The effect of smiling on the perceived age of male and female faces across the lifespan

Tzvi Ganel, Melvyn A. Goodale

Research output: Contribution to journalArticlepeer-review


Previous research has shown an unintuitive effect of facial expression on perceived age: smiling faces are perceived as older compared to neutral faces of the same people. The aging effect of smiling (AES), which is thought to result from the presence of smile-related wrinkles around the eyes, contradicts the common belief that smiling faces should be perceived as younger, not older. Previous research, however, has focused on faces of young adults, where the absence of inherent, age-related wrinkles and other age signs is offset by the weight of the smile-related wrinkles. In a series of experiments, we tested whether the AES extends to male and female faces in older age groups. We replicated the AES in young adults (20–39) and showed that it disappeared in older adults (60–79) of both genders. For photos of middle-aged adults (40–59), however, AES was found only for male, but not for female faces, who showed fewer and less prominent smile-related wrinkles. The results suggest that a person’s apparent age is perceived in a holistic manner in which age-related cues in the region of the eyes are weighted against age cues in other regions of the face.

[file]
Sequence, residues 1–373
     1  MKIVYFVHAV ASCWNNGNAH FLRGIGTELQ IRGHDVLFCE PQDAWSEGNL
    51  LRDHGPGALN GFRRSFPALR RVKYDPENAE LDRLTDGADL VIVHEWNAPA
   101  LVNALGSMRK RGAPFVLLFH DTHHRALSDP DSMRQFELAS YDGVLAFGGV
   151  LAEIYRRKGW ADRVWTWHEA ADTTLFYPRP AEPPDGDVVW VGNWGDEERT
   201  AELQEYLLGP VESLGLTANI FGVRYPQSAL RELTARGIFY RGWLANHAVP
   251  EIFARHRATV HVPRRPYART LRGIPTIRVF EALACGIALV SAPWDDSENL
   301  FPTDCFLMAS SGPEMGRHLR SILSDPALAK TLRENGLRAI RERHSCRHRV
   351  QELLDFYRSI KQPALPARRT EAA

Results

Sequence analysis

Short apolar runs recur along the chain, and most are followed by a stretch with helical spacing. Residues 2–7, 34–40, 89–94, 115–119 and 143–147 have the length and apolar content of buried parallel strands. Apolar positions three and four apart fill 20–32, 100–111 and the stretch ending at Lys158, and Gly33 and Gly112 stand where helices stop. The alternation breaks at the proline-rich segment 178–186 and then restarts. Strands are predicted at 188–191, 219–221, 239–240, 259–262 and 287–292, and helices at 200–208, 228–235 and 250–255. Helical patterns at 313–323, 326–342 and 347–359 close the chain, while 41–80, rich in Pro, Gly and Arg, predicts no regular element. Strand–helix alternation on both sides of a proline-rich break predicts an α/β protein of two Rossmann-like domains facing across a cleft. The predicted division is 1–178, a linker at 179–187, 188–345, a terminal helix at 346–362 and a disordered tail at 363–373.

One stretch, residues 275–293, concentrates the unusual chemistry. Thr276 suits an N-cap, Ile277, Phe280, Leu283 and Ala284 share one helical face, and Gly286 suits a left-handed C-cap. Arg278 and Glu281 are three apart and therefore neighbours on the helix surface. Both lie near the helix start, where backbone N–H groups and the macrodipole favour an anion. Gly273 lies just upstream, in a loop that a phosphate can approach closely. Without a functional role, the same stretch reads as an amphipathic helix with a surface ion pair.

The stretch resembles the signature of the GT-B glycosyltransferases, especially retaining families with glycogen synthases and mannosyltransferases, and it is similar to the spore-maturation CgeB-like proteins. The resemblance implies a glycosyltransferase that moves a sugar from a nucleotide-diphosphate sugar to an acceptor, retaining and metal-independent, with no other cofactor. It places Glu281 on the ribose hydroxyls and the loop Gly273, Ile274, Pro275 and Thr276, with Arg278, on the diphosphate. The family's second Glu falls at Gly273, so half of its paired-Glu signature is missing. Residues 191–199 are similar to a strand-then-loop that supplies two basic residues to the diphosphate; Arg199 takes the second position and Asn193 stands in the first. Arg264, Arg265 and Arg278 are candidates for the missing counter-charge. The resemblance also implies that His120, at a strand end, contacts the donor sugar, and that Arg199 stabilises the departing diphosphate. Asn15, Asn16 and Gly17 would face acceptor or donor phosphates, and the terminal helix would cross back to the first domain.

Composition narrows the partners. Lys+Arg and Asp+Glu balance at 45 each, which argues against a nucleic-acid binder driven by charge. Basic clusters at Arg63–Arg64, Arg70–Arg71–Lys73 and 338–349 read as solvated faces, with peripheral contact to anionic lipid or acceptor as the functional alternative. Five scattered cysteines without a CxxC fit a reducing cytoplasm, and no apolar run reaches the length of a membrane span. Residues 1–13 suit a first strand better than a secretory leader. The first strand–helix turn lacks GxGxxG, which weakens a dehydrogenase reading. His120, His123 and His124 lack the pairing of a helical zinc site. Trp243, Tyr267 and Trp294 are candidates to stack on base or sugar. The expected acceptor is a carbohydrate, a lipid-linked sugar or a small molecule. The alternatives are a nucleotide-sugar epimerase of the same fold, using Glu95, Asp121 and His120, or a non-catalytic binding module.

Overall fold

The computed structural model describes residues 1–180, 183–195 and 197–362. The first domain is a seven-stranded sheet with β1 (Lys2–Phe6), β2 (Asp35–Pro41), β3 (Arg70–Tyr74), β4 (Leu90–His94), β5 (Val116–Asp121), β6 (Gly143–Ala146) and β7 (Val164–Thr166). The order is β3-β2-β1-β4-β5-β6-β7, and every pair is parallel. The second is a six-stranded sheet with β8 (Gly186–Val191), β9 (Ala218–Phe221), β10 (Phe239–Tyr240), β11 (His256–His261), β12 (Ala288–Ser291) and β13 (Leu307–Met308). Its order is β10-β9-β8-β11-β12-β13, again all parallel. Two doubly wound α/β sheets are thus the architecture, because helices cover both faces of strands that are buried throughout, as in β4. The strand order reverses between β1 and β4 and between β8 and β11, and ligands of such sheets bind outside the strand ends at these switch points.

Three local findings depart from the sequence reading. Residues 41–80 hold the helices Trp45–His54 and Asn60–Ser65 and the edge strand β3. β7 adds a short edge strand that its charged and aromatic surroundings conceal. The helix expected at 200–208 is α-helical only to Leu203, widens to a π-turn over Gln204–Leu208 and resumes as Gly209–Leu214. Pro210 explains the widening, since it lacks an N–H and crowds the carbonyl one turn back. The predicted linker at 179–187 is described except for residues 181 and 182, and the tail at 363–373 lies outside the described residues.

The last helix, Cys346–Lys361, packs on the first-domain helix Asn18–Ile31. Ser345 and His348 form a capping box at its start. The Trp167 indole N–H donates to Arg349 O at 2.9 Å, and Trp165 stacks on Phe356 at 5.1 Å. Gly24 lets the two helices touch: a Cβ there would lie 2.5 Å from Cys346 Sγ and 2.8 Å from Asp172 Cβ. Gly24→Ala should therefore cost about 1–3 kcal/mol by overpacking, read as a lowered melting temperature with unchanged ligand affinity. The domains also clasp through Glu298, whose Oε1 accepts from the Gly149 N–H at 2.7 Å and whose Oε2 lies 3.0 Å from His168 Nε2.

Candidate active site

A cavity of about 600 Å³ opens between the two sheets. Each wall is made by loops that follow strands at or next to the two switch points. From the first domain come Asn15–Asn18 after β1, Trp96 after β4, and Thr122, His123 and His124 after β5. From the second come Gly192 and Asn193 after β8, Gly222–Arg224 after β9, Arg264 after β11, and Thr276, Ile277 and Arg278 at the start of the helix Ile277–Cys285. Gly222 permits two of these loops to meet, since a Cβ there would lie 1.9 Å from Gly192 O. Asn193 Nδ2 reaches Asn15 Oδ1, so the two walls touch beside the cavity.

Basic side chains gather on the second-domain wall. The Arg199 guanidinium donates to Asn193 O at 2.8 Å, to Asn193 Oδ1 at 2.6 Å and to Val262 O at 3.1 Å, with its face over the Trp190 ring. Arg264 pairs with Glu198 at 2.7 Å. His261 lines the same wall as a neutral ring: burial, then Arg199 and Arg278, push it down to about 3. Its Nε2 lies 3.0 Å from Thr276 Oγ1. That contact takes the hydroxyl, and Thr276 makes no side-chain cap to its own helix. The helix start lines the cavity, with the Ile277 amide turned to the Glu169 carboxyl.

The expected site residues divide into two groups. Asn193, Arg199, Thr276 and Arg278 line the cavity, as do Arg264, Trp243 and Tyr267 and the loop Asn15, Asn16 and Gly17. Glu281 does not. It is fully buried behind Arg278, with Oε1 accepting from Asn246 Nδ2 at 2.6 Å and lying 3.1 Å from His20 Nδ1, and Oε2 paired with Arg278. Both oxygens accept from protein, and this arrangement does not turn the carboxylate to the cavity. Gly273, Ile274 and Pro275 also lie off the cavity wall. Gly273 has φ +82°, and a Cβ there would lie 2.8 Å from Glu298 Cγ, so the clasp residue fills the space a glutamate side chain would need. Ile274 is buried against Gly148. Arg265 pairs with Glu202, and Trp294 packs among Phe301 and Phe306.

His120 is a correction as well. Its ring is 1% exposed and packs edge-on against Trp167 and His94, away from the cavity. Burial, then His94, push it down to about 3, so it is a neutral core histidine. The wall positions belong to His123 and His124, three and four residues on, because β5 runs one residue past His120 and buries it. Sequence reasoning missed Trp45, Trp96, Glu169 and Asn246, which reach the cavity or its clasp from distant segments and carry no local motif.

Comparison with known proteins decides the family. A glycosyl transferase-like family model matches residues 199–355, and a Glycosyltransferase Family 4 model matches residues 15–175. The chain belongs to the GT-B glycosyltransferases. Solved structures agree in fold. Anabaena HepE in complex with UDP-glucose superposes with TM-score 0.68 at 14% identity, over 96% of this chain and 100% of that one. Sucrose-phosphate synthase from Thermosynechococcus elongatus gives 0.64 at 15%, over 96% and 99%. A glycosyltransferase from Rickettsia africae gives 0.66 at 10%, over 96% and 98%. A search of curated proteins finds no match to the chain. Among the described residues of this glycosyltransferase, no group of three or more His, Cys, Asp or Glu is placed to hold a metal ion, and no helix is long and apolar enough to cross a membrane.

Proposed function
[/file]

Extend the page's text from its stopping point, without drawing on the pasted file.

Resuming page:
Original languageAmerican English
Article number23020
JournalScientific Reports
Issue number1
StatePublished - 1 Dec 2021

All Science Journal Classification (ASJC) codes

  • General


Dive into the research topics of 'The effect of smiling on the perceived age of male and female faces across the lifespan'. Together they form a unique fingerprint.

Cite this